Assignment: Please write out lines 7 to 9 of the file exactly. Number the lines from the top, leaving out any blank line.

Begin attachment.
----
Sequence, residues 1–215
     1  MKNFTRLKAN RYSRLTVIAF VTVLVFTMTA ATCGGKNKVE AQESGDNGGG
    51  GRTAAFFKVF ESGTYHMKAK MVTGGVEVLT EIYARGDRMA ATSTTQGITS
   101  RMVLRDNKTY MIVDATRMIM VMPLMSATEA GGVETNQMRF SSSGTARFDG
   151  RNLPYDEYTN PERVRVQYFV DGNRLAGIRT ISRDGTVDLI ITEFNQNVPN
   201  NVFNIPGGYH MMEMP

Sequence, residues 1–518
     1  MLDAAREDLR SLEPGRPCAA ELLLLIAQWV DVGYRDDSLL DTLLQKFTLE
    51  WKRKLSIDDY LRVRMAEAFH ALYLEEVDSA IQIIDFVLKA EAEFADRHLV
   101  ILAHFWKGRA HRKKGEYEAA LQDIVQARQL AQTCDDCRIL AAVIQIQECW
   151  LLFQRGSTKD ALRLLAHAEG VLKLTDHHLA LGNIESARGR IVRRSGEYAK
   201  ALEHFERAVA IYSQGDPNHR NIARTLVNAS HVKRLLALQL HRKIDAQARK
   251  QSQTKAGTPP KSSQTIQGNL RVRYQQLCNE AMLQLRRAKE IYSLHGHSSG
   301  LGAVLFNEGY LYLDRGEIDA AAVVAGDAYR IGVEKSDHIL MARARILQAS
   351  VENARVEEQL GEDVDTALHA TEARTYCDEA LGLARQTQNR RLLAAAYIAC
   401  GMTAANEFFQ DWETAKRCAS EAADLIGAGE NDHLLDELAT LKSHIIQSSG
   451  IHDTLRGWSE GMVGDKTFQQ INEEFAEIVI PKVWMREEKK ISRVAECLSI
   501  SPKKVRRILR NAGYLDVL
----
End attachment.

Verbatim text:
Sequence, residues 1–518
     1  MLDAAREDLR SLEPGRPCAA ELLLLIAQWV DVGYRDDSLL DTLLQKFTLE
    51  WKRKLSIDDY LRVRMAEAFH ALYLEEVDSA IQIIDFVLKA EAEFADRHLV